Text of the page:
Seeding Rate for Dryland Wheat

Kansas Agricultural Experiment Station Research Reports, Aug 2017

Four winter wheat varieties (PlainsGold Byrd, Limagrain T158, Syngenta TAM 111, and WestBred Winterhawk) were planted at five seeding rates (30, 45, 60, 75, and 90 lb/a) in the fall of 2014 and 2015 at Colby, Garden City, and Tribune, KS. The objective of the study was to identify appropriate seeding rates for dryland winter wheat in western Kansas. Averaged across varieties, a seeding rate of 60 lb/a seemed to be adequate at all locations in 2015. However, with higher yields in 2016, a higher seeding rate (75 lb/a) was beneficial. The wheat variety T158 was the highest yielding (or in the highest group) at all locations in 2015. Other varieties may have been affected by differential response to stripe rust and winter injury resulting in lower yields. In 2016, the highest yielding variety varied by location. Variety selection appears to have more effect on wheat yields than seeding rate.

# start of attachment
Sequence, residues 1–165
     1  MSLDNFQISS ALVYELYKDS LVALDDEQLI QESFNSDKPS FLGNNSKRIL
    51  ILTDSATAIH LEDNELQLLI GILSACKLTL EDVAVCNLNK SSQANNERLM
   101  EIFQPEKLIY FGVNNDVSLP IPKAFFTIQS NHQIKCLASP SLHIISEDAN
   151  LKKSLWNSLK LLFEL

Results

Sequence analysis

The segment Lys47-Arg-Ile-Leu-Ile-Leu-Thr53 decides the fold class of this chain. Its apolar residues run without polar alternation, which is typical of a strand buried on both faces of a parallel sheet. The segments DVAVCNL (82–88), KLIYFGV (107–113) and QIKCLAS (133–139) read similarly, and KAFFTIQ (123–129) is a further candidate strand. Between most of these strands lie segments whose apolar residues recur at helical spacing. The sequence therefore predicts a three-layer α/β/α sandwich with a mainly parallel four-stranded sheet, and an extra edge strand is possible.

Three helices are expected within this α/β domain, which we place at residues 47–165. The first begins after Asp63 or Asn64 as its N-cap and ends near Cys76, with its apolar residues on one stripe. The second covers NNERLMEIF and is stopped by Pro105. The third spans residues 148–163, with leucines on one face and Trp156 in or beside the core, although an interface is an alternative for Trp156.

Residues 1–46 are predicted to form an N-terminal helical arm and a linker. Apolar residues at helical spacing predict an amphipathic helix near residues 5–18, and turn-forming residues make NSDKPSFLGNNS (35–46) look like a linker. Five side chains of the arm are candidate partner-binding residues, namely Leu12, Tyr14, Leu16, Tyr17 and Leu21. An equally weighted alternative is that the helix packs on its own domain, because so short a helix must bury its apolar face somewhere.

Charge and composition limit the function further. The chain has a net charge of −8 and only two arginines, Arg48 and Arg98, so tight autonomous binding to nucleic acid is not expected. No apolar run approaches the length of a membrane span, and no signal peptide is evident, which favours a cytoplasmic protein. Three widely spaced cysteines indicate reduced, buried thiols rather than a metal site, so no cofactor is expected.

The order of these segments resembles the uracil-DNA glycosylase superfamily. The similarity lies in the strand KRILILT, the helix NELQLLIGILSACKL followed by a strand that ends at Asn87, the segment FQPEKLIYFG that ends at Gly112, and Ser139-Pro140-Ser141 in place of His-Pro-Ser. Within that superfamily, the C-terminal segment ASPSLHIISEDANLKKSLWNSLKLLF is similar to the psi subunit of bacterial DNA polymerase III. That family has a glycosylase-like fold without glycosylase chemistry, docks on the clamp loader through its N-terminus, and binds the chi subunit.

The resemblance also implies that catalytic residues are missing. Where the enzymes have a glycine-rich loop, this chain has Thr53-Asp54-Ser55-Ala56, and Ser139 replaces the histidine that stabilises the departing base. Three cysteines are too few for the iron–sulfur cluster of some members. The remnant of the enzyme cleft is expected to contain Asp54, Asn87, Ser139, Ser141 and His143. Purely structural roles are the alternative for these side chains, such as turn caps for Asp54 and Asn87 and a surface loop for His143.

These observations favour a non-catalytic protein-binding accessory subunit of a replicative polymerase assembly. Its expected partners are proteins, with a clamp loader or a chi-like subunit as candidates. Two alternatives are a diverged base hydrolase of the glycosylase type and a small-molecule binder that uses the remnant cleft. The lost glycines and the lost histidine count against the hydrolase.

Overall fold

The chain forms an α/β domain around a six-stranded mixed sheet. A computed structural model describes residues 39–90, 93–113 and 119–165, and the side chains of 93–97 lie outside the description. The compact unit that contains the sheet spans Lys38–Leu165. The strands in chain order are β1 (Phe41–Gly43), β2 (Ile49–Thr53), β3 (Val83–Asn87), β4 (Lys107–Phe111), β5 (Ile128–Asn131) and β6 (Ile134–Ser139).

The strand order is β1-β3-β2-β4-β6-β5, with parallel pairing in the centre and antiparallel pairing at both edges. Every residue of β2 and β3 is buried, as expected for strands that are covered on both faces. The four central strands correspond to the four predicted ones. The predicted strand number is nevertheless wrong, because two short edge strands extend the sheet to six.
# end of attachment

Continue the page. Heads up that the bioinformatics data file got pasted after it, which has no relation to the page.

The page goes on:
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Seeding Rate for Dryland Wheat